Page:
OFFSET 1,3 COMMENTS Row maxima of A008302, see example. The term a(0) would be 1: the empty product is one and there is just one coefficient 1=x^0, corresponding to the 1 empty permutation (which has 0 inversions). From Ryen Lapham and Anant Godbole, Dec 12 2006: (Start) Also, the number of permutations on {1,2,...,n} for which the number A of monotone increasing subsequences of length 2 and the number D of monotone decreasing 2-subsequences are as close to each other as possible, i.e., 0 or 1. We call such permutations 2-balanced. If 4|n(n-1) then (with A and D as above) the feasible values of A-D are C(n,2), C(n,2)-2,...,2,0,-2,...,-C(n,2), whereas if 4 does not divide n(n-1), A-D may equal C(n,2), C(n,2)-2,...,1,-1,...,-C(n,2). Let a_n(i) equal the number of permutations with A-D the i-th highest feasible value. The sequence in question gives the number of permutations for which A-D=0 or A-D=1, i.e., it equals A_n(j) where j = floor((binomial(n,2)+2)/2). Here is the recursion: a_n(i) = a_n(i-1) + a_{n-1}(i) for 1 <= i <= n and a_n(n+k) = a_n(n+k-1) + a_{n-1}(n+k) - a_n(k) for k >= 1. (End) The only two primes found < 301 are for n = 3 and 6. Define an ordered list to have n terms with terms t(k) for k=1..n. Specify that t(k) ranges from 1 to k, hence the third term t(3) can be 1, 2, or 3. Find all sums of the terms for all n! allowable arrangements to obtain a maximum sum for the greatest number of arrangements. This number is a(n). For n=4, the maximum sum 7 appears in 6 arrangements: 1114, 1123, 1213, 1222, 1231, and 1132. - J. M. Bergot, May 14 2015 Named after the British statistician Maurice George Kendall (1907-1983) and the Austrian-American mathematician Henry Berthold Mann (1905-2000). - Amiram Eldar, Apr 07 2023 REFERENCES F. N. David, M. G. Kendall and D. E. Barton, Symmetric Function and Allied Tables, Cambridge, 1966, p. 241. N. J. A. Sloane, A Handbook of Integer Sequences, Academic Press, 1973 (includes this sequence). N. J. A. Sloane and Simon Plouffe, The Encyclopedia of Integer Sequences, Academic Press, 1995 (includes this sequence). LINKS Robert Israel, Robert G. Wilson v and N. J. A. Sloane Table of n, a(n) for n = 1..400 (a(1) to a(61) from Sloane, a(62) to a(350) from Wilson). Dorin Andrica and Ovidiu Bagdasar, On some results concerning the polygonal polynomials, Carpathian Journal of Mathematics (2019) Vol. 35, No. 1, 1-11. Dominique Foata, Distributions eulériennes et mahoniennes sur le groupe des permutations, pp. 27-49 of M. Aigner, editor, Higher Combinatorics, Reidel, Dordrecht, Holland, 1977. Mikhail Gaichenkov, The property of Kendall-Mann numbers, MathOverflow, 2010. Richard K. Guy, Letter to N. J. A. Sloane with attachment, Mar 1988. A. Waksman, On the complexity of inversions, IEEE Trans. Computers, 19 (1970), 1225-1226. Wikipedia, Inversion. Wikipedia, q-Pochhammer symbol. - Paul Muljadi, Jan 18 2011 Index entries for "core" sequences. FORMULA Largest coefficient of (1)(x+1)(x^2+x+1)...(x^(n-1) + ... + x + 1). - David W. Wilson The number of terms is given in A000124. a(n+1)/a(n) = n - 1/2 + O(1/n^{1-epsilon}) as n --> infinity (compare with A008302, A181609, A001147). - Mikhail Gaichenkov, Apr 11 2014 Asymptotics (Mikhail Gaichenkov, 2010): a(n) ~ 6 * n^(n-1) / exp(n). - Vaclav Kotesovec, May 17 2015 EXAMPLE From Joerg Arndt, Jan 16 2011: (Start) a(4) = 6 because the among the permutations of 4 elements those with 3 inversions are the most frequent and appear 6 times: [inv. table] [permutation] number of inversions 0: [ 0 0 0 ] [ 0 1 2 3 ] 0 1: [ 1 0 0 ] [ 1 0 2 3 ] 1 2: [ 0 1 0 ] [ 0 2 1 3 ] 1 3: [ 1 1 0 ] [ 2 0 1 3 ] 2 4: [ 0 2 0 ] [ 1 2 0 3 ] 2 5: [ 1 2 0 ] [ 2 1 0 3 ] 3 (*) 6: [ 0 0 1 ] [ 0 1 3 2 ] 1 7: [ 1 0 1 ] [ 1 0 3 2 ] 2 8: [ 0 1 1 ] [ 0 3 1 2 ] 2 9: [ 1 1 1 ] [ 3 0 1 2 ] 3 (*) 10: [ 0 2 1 ] [ 1 3 0 2 ] 3 (*) 11: [ 1 2 1 ] [ 3 1 0 2 ] 4 12: [ 0 0 2 ] [ 0 2 3 1 ] 2 13: [ 1 0 2 ] [ 2 0 3 1 ] 3 (*) 14: [ 0 1 2 ] [ 0 3 2 1 ] 3 (*) 15: [ 1 1 2 ] [ 3 0 2 1 ] 4 16: [ 0 2 2 ] [ 2 3 0 1 ] 4 17: [ 1 2 2 ] [ 3 2 0 1 ] 5 18: [ 0 0 3 ] [ 1 2 3 0 ] 3 (*) 19: [ 1 0 3 ] [ 2 1 3 0 ] 4 20: [ 0 1 3 ] [ 1 3 2 0 ] 4 21: [ 1 1 3 ] [ 3 1 2 0 ] 5 22: [ 0 2 3 ] [ 2 3 1 0 ] 5 23: [ 1 2 3 ] [ 3 2 1 0 ] 6 The statistics are reflected by the coefficients of the polynomial (1+x)*(1+x+x^2)*(1+x+x^2+x^3) == x^6 + 3*x^5 + 5*x^4 + 6*x^3 + 5*x^2 + 3*x^1 + 1*x^0 There is 1 permutation (the identity) with 0 inversions, 3 permutations with 1 inversion, 5 with 2 inversions, 6 with 3 inversions (the most frequent, marked with (*) ), 5 with 4 inversions, 3 with 5 inversions, and one with 6 inversions. (End) G.f. = x + x^2 + 2*x^3 + 6*x^4 + 22*x^5 + 101*x^6 + 573*x^7 + 3836*x^8 + ... MAPLE f := 1: for n from 0 to 40 do f := f*add(x^i, i=0..n): s := series(f, x, n*(n+1)/2+1): m := max(coeff(s, x, j) \$ j=0..n*(n+1)/2): printf(`%d, `, m) od: # James A. Sellers, Dec 07 2000 [offset is off by 1 - N. J. A. Sloane, May 23 2006] P:= : a:= 1: for n from 2 to 100 do P:= expand(P * add(x^j, j=0..n-1)); a[n]:= max(eval(convert(P, list), x=1)); od: seq(a[i], i=1..100); # Robert Israel, Dec 14 2014 MATHEMATICA f[n_] := Max@ CoefficientList[ Expand@ Product[ Sum[x^i, {i, 0, j}], {j, n-1}], x]; Array[f, 20] Flatten[{1, 1, Table[Coefficient[Expand[Product[Sum[x^k, {k, 0, m-1}], {m, 1, n}]], x^Floor[n*(n-1)/4]], {n, 3, 20}]}] (* Vaclav Kotesovec, May 13 2016 *) Table[SeriesCoefficient[QPochhammer[x, x, n]/(1-x)^n, {x, 0, Floor[n*(n-1)/4]}], {n, 1, 20}] (* Vaclav Kotesovec, May 13 2016 *) PROG (PARI) a(n)= /* return largest coefficient in product (1)(x+1)(x^2+x+1)...(x^(n-1)+...+x+1) */ { local(p, v); p=prod(k=1, n-1, sum(j=0, k, x^j)); /* polynomial */ v=Vec(p); /* vector of coefficients */ v=vecsort(v); /* sort so largest is last element */ return(v[#v]); /* return last == largest */ } vector(22, n, a(n)) /* Joerg Arndt, Jan 16 2011 */ (Magma) /* based on David W. Wilson's formula */ PS:=PowerSeriesRing(Integers()); [ Max(Coefficients(&*[&+[ x^i: i in [0..j] ]: j in [0..n-1] ])): n in [1..21] ]; // Klaus Brockhaus, Jan 18 2011 (PARI) {a(n) = if( n<0, 0, vecmax( Vec( prod(k=1, n, 1 - x^k) / (1 - x)^n)))}; /* Michael Somos, Apr 21 2014 */ (Python) from math import prod from sympy import Poly from sympy.abc import x def A000140(n): return 1 if n == 1 else max(Poly(prod(sum(x**i for i in range(j+1)) for j in range(n))).all_coeffs()) # Chai Wah Wu, Feb 02 2022 CROSSREFS Row maxima of A008302. Odd terms are A186888. Cf. A000124, A001147, A128566, A181609. Sequence in context: A012268 A009655 A002772 * A079263 A129815 A345194 Adjacent sequences: A000137 A000138 A000139 * A000141 A000142 A000143 KEYWORD nonn,easy,core,nice AUTHOR N. J. A. Sloane EXTENSIONS Edited by N. J. A. Sloane, Mar 05 2011 STATUS approved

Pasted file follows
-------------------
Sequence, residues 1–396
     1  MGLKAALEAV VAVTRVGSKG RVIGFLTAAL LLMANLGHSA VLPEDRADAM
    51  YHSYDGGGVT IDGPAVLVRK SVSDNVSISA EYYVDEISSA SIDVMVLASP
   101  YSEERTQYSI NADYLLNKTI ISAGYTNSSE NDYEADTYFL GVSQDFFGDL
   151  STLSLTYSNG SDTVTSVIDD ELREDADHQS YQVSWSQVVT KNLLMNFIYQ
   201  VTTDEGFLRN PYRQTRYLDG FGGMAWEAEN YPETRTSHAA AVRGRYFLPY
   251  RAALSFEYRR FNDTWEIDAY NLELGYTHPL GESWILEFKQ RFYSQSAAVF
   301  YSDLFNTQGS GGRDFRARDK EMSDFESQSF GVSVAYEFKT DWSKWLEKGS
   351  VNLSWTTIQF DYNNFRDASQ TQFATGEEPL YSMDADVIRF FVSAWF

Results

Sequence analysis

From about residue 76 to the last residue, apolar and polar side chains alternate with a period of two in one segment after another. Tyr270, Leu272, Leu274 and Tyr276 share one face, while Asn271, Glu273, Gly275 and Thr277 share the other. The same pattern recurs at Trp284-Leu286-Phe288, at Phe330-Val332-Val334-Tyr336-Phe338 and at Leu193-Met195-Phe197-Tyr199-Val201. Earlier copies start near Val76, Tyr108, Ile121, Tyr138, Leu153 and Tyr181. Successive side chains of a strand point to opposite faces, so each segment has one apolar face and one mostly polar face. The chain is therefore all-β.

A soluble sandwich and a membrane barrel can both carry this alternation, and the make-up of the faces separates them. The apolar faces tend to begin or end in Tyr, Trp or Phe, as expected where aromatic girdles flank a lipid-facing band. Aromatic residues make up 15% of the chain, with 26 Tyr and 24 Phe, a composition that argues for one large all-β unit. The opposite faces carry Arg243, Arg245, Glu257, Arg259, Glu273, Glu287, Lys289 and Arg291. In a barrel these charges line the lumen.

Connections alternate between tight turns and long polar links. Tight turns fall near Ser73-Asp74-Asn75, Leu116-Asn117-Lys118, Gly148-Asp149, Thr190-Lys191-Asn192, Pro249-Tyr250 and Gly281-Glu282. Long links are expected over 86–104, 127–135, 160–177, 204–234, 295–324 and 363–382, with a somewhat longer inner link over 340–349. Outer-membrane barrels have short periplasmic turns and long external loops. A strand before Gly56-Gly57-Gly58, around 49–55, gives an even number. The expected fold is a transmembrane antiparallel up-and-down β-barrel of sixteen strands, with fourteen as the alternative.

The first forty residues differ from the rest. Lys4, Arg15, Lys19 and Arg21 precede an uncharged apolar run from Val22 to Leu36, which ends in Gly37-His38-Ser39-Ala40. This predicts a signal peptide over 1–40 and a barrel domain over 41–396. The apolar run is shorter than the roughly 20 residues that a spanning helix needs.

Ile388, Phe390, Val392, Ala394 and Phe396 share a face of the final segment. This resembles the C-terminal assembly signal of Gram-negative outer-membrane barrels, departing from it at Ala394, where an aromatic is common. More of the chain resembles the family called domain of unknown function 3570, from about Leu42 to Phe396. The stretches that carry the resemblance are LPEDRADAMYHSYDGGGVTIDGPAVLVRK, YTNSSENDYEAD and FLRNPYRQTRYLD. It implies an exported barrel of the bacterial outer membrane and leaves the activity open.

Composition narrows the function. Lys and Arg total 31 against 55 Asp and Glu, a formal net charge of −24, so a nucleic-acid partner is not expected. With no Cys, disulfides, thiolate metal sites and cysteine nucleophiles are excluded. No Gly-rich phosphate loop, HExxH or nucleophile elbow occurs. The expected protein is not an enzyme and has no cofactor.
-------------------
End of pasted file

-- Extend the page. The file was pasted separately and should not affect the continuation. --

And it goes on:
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Last modified November 30 18:14 EST 2023. Contains 367461 sequences. (Running on oeis4.)